In any first year macroeconomics course, students are introduced to the concept of the quantity theory of money. The quantity theory of money can be expressed as an intuitive and basic formula.
M * V = P * Q
M = Money supply (measured in $)
V = Velocity of money (a constant)
P = Price level ($)
Q = Quantity of goods sold
Generally, P * Q is the final demand for goods and services sold in an economy in a year (C + I + G + X – M). So, V, the velocity of money, is the usually measured as the ratio of the size of the liquid monetary base relative a country’s nominal GDP – the final goods and services consumed by consumers, governments, businesses, or exported net of imports.
A higher velocity means that money changes hands faster in an economy.
For complex economies, there can be many ways to measure the money supply. The narrowest definition is M0 – the value of currency in circulation. Obviously, the deposits in chequing and savings accounts are also as liquid currency. M1 is the sum of all currency in circulation and demand deposits or checking accounts at financial institutions.
In the U.S., the current velocity of M1 is about 7. That is, the nominal GDP of the U.S. is about 7 times greater than the amount of money available in currency and held in chequing and demand deposit bank accounts.
So, what is the velocity of Bitcoin?
MB * V = (P * Q)B
One can easily convert this into $U.S. by multiplying both sides by the exchange rate
MB * eUS/B * V = (P * Q)B * eUS/B
In my last post, I estimated that the value of goods and services bought with Bitcoin was between $62 million and $116 million U.S in the last year.
Currently, the Bitcoin market capitalization is valued an astronomical $1.88 billion!
So, if $1.88 billion * V = $62 million to $116 million
The current velocity of Bitcoin is about 0.032 to 0.062.
On average, Bitcoins are changing hands for final goods and services at a rate 110 to 210 times slower than U.S. dollars. A year ago, the velocity was nearly a factor of 10 higher. In April 2012, the final demand for goods and services in the past year was $28.3 million compared to a market capitalization of $44 million. The velocity of Bitcoin was 0.64. Clearly, the amount of Bitcoin hoarding, which was already high, has gone illogically parabolic as speculators flood into the market.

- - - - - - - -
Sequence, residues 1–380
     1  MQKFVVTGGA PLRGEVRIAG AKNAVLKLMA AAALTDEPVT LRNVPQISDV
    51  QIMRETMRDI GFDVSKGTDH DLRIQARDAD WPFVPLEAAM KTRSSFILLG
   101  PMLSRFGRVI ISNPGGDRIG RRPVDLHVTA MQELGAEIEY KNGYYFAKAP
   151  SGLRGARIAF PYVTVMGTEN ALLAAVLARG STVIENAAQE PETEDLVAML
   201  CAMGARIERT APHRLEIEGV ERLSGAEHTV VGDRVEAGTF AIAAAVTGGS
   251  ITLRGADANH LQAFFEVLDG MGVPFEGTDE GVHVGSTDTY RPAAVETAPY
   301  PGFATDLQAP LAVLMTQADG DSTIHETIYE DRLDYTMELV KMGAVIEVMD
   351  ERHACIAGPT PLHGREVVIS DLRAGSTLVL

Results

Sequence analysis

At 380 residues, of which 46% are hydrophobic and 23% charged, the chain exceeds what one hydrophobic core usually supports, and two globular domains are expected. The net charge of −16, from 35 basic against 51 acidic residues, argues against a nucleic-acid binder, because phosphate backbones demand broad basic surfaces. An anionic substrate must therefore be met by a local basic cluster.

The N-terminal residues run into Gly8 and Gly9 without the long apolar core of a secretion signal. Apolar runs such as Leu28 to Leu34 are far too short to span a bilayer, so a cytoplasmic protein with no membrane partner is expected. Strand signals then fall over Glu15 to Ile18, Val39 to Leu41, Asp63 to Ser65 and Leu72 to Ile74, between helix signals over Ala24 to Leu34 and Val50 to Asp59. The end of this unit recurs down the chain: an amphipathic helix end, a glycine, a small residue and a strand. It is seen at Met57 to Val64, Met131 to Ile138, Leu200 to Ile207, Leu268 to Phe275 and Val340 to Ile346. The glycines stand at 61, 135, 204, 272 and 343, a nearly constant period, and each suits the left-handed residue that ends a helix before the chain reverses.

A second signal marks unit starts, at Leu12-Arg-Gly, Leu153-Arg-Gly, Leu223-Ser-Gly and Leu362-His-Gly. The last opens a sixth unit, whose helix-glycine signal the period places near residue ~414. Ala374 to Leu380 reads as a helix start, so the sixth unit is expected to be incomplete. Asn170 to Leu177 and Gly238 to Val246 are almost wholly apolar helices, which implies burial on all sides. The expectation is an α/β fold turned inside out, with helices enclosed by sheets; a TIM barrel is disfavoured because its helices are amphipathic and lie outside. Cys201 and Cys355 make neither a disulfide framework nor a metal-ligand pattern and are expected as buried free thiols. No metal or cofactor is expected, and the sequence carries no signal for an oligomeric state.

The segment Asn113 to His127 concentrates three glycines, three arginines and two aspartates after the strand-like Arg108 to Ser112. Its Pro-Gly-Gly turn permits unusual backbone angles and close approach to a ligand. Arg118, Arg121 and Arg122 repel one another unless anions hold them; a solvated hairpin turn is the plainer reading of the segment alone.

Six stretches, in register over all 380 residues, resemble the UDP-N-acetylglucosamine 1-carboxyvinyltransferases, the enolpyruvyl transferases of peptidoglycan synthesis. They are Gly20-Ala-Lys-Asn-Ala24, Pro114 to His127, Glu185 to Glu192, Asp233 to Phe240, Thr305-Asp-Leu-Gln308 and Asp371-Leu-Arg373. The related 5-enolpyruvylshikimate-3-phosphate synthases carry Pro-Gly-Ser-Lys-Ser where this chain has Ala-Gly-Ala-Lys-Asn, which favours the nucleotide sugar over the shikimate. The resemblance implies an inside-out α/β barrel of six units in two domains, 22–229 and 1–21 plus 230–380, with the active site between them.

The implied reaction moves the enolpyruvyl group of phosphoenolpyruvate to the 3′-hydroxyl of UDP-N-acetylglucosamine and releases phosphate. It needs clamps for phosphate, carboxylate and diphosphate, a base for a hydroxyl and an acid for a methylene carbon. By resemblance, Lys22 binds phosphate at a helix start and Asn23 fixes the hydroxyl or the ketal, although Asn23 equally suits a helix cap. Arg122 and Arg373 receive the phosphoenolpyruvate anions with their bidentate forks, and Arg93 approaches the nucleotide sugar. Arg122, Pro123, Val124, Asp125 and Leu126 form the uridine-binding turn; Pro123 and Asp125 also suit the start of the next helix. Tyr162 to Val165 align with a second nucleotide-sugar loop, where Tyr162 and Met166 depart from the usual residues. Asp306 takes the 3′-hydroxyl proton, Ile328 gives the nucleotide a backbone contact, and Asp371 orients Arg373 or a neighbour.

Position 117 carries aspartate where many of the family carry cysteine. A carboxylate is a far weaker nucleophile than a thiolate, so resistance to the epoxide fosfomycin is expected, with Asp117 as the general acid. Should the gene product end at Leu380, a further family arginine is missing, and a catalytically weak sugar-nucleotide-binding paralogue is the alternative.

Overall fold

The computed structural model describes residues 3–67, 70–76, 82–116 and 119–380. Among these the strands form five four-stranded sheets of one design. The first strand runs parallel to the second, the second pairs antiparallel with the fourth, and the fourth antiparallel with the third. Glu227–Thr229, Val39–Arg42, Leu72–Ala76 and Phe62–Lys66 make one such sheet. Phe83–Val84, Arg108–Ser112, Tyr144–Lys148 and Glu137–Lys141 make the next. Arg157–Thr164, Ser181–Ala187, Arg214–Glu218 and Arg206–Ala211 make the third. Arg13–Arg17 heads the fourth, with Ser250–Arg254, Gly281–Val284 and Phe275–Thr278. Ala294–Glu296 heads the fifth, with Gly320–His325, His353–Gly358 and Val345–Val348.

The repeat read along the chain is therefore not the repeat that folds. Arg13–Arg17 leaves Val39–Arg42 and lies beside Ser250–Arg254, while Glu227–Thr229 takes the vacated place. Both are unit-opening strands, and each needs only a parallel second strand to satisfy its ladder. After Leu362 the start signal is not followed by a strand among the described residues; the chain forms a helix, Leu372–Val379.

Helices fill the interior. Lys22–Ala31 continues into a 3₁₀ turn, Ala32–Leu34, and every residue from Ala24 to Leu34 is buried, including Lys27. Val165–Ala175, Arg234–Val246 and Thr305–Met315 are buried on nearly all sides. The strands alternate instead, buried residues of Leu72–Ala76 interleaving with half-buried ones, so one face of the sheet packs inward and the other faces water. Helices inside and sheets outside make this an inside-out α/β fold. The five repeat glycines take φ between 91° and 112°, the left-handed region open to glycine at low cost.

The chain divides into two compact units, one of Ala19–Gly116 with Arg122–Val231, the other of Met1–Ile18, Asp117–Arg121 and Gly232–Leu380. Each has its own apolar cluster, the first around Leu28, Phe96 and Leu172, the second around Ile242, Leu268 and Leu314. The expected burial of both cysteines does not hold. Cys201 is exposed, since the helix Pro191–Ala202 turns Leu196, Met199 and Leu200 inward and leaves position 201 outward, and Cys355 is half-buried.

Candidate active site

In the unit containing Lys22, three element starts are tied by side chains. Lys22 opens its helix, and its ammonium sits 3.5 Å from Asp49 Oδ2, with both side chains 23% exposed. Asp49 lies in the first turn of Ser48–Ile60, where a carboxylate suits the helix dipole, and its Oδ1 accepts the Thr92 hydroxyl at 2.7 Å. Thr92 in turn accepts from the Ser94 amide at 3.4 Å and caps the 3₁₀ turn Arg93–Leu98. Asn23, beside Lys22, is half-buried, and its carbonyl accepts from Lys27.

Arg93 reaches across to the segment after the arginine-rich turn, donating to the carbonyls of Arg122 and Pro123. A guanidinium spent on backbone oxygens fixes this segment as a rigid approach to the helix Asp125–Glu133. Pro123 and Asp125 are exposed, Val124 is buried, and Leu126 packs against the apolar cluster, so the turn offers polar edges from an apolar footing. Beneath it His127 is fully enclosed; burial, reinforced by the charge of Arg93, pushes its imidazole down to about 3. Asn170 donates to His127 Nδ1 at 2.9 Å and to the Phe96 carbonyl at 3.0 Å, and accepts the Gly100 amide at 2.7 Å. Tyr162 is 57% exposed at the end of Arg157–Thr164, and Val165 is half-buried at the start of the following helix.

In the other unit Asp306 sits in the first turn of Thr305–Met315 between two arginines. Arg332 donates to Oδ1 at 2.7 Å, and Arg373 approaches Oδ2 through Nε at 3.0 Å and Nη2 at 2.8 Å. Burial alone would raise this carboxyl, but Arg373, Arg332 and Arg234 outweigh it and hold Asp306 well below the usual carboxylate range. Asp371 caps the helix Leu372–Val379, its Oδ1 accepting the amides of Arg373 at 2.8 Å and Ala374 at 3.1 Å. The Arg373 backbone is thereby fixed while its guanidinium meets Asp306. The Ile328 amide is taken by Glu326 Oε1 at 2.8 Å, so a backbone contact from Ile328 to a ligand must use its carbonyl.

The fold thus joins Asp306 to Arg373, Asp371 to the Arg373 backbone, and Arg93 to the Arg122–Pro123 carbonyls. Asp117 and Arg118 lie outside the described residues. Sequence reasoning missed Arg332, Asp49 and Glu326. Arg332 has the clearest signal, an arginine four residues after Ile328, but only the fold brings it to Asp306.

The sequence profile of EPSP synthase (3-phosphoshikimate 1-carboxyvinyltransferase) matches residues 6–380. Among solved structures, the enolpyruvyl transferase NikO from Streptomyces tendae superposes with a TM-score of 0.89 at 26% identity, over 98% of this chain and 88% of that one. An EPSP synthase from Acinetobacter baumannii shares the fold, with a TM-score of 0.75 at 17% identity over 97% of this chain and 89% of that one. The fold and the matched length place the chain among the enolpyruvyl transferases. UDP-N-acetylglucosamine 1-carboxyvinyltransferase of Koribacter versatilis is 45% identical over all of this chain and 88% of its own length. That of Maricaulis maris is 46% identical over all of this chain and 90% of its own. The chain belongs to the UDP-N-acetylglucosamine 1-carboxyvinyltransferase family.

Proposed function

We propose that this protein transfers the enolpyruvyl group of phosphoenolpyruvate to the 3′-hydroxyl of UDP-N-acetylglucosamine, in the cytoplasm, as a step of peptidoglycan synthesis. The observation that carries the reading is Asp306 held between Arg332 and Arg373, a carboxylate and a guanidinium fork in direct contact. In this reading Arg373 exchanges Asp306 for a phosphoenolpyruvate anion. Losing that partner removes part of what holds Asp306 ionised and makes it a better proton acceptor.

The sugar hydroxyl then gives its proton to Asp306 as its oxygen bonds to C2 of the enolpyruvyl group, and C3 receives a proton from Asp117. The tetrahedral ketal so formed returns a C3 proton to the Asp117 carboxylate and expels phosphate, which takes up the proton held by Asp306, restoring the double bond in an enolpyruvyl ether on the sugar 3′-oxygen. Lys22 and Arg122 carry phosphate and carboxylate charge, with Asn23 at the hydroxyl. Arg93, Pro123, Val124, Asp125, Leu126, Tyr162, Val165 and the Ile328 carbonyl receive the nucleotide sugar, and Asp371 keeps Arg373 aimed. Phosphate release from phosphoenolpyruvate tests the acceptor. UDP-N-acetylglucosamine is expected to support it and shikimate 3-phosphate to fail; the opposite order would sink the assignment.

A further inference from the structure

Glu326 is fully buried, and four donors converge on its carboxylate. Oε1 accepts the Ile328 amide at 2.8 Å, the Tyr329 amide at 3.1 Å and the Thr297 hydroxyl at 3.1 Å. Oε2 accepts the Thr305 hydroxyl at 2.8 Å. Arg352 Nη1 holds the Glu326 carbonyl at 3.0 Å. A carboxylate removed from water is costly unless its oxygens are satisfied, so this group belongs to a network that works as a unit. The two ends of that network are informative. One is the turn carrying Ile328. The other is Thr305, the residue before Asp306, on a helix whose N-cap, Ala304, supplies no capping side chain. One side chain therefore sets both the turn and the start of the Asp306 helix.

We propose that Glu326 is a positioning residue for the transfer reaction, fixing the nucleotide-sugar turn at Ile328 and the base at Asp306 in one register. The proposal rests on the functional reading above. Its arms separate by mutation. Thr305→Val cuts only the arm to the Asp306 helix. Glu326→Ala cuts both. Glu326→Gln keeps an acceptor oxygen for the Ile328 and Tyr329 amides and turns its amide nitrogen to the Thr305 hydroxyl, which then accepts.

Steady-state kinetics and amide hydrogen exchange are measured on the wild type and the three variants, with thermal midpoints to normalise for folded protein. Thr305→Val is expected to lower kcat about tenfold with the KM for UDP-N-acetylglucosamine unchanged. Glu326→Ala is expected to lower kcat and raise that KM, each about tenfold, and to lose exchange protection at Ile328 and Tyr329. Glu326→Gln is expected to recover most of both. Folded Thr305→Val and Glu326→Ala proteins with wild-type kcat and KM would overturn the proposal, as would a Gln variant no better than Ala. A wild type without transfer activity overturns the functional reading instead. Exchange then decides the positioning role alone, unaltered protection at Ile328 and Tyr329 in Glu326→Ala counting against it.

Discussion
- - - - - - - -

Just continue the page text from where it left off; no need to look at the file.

With some modifications, the M * V = P * Q formula can actually be used to determine what the exchange rate of Bitcoin will be if suddenly people stop hoarding and return to the relatively stable market of last April.
Let’s assume that the velocity of Bitcoin returns to 0.65. To use this method, we have to also assume that the number of Bitcoins in existence does not influence the demand for goods and services. I think this is a very sound assumption. There is no Bitcoin economy interest rate that can fall with growth of the monetary base. Demand for Bitcoin goods is based entirely on the fact that Bitcoin transaction fees are lower and that it provides some anonymity in transactions. Basically, there is no reason to suspect a real-financial linkage in the Bitcoin economy.
(P * Q)B * eUS/B = (P * Q)$U.S.-> The final demand in U.S. dollars is the final demand expressed in Bitcoin multiplied by the exchange rate.
So, if MB * V = (P * Q)B then,
MB * V = (P * Q)$US / eUS/B
Right now, MB is about 11 million, I’m assuming that a more appropriate V is 0.64, and that the current final demand for goods and services in U.S. dollars is up to $116 million.
Substituting in my assumptions,
11 million * 0.64 = $116 million / eUS/B
eUS/B = $116 million / (11 million * 0.64)
eUS/B = $16.4 U.S.
Now, this assumes that the velocity can return to 0.64, this might be troublesome. Recent speculative activity might cause many Bitcoins to be effectively destroyed – either deleted, forgotten or lost. According to Blockchain.info, in the past year the number of Bitcoin days destroyed – a proxy for the amount of Bitcoin effectively out of circulation – has nearly doubled.
Even then, if the velocity of Bitcoin were halved to 0.32 as a result of lost/destroyed Bitcoin, the exchange rate should be around $32.8 U.S. per Bitcoin and nowhere near the currently absurd level of $190 U.S.
Of course, there are other factors I haven’t considered. After such a huge crash the amount of goods and services (whether legal or illegal) people want to buy in Bitcoin could collapse as well. This would drag the exchange rate even lower.